So, Ralph, to escape from the allegation of being another PM crank, please go back to the simple basics of the full reserve idea. Drop all the unnecessary and contentious Positive Money clutter regarding a new Money Creation Committee, Friedmanite policies to control the money supply, private deposits at the CB etc.

    1. KK,

      I’ll take your numbered points in turn.

      1. Yes I know Bill Mitchell gave a “clear warning that he did not want his blog cluttered with references to PM literature”. However, first (and to repeat) it is plain bizarre to engage in a debate with an organisation, and then ban references or links to that organisation in your comments. If that’s “open, fair, impartial etc etc” debate, then I’m a Dutchman.

      Second, given that he allowed several thousand words of comments, ten or twenty links to PM literature would not have constituted “clutter”.

      Third, whence his assumption that PM supports ACTUALLY WOULD have “cluttered” the comments section with references and links to PM? If PM / Iceland supporters WERE TO DO something like that, they’d make themselves look stupid. So why didn’t Bill Mitchell let them hang themselves by their own petard?

      Reason is (I’m 99% sure) is that they WOULDN’T have hung themselves by their own petard. What they would have done (and indeed what I tried to do but got censored for my troubles) was to make the VERY OCCASIONAL reference to PM literature as and where relevant. I plonked roughly a thousand words of comments there and tried to include JUST ONE link to PM.

      So I suggest that Bill Mitchell’s motives were very simple: to skew the debate in his direction.

      2. Re your claim that Ballenger’s article is “almost incomprehensible”, that’s just your opinion. If you want to substantiate that claim, the go ahead. You may notice that I’m not simply dismissing your above comment as “almost incomprehensible”: I’m going through your points in detail.

      Moreover, Ballenger is not stupid: he is a Cambridge graduate. I normally read his articles because I find them interesting (while not agreeing with everything he says).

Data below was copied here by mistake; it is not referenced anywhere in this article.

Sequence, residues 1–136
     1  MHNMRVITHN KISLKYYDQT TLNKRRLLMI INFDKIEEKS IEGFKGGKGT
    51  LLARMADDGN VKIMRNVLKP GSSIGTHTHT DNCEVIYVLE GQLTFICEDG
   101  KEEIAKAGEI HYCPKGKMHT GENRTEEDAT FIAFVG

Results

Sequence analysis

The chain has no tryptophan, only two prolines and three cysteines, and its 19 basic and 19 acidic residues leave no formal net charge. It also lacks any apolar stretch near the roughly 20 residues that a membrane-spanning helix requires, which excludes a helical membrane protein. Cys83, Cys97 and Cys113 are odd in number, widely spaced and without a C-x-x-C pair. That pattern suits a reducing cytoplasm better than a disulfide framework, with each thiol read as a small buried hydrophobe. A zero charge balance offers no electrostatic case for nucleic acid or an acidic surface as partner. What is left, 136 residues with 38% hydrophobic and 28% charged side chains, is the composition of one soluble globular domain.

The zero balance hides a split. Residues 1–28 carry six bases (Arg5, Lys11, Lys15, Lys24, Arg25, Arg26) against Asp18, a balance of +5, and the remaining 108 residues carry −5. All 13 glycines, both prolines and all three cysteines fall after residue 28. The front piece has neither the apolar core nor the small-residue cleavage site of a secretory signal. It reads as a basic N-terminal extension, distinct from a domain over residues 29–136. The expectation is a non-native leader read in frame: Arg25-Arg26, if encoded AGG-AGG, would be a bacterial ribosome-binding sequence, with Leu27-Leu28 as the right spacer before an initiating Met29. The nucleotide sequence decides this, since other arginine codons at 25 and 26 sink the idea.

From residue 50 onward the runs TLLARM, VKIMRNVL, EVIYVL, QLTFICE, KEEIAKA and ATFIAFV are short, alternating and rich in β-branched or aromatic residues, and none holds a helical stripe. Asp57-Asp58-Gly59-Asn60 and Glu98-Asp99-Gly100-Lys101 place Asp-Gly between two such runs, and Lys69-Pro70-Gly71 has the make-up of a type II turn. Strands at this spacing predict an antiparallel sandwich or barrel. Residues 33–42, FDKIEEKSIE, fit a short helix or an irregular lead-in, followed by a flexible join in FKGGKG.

Continued below.

    2. 3. Your third point is actually very clever (maybe unbeknown to you). It’s basically a very simple point but probably way beyond the comprehension of Bill Mitchell, Neil Wilson and other opponents of full reserve.

      You say as I understand you that the “create and spend” idea is not an idea that PM thought up. Quite right. (I’m not actually sure whether PM claim that as an original idea – I hope they don’t).

      You also say that print and spend “has nothing whatsoever to do with the institutional changes proposed by PM.” Agreed. In fact I’ve been trying to bang it into the heads of the oppoents of full reserve for a long time that “print and spend” is not an INHERENT or essential ingredient of full reserve: that is, one could combine full reserve with OTHER ways of implementing stimulus. So far I’ve seen no evidence that they’ve grasped that point.

      4. Your fourth point is complete nonsense. Incidentally Anne Pettifor makes the same point. That’s your claim that PM’s policies are similar to Milton Friedman’s monetarism and that PM’s policies involve a “money supply target”.

      Nowhere in PM literature is there any reference to “money supply targets” far as I know (and I’ve read a good million words of their material). What THEY DO ADVOCATE is that in a recession, the state should create extra base money and spend it, and/or cut taxes.

      That policy amounts to a MERGE of monetary and fiscal policy. That is, the policy has monetary and fiscal effects, so yes, it DOES RESULT in an increase in the money supply. But what’s wrong with the money supply expanding approximately in line with economic growth and what’s wrong with a NOMINAL increase in the money supply so as to make up for the decline in the REAL VALUE of the money supply due to inflation? I don’t have a problem with that.